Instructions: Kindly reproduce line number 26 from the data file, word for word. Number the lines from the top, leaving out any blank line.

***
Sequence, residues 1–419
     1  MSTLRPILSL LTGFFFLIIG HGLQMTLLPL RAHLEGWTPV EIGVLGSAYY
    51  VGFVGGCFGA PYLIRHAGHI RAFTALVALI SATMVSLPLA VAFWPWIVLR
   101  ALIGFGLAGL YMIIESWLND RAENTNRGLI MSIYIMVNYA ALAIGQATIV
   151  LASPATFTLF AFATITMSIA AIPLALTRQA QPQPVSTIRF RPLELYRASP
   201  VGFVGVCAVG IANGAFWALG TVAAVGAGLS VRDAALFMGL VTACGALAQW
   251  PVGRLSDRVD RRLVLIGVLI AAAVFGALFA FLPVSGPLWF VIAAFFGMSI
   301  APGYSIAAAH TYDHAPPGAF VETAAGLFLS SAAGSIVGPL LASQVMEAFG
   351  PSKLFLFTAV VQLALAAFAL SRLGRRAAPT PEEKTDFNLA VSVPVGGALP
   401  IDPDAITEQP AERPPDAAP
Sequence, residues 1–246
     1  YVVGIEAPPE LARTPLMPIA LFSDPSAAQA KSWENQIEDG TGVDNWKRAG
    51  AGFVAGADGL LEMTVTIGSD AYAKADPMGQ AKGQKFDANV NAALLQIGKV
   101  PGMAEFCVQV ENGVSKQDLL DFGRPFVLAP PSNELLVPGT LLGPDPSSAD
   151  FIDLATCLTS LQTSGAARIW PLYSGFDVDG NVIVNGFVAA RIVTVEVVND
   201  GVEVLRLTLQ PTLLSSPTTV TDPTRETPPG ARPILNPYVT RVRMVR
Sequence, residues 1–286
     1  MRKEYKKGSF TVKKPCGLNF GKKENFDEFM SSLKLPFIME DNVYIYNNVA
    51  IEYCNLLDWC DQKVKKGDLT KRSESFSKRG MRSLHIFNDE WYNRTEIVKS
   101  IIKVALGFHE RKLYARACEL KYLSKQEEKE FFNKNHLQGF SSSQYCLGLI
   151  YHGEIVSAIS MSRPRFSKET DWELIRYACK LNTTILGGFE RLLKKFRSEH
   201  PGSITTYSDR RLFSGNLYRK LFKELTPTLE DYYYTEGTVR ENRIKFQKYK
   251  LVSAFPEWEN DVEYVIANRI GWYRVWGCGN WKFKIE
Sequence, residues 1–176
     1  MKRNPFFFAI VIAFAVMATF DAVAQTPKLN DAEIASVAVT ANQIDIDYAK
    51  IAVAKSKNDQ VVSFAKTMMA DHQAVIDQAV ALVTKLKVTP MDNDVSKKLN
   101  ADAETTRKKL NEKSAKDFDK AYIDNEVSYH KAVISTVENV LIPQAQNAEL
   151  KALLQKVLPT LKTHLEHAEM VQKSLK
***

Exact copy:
    51  IAVAKSKNDQ VVSFAKTMMA DHQAVIDQAV ALVTKLKVTP MDNDVSKKLN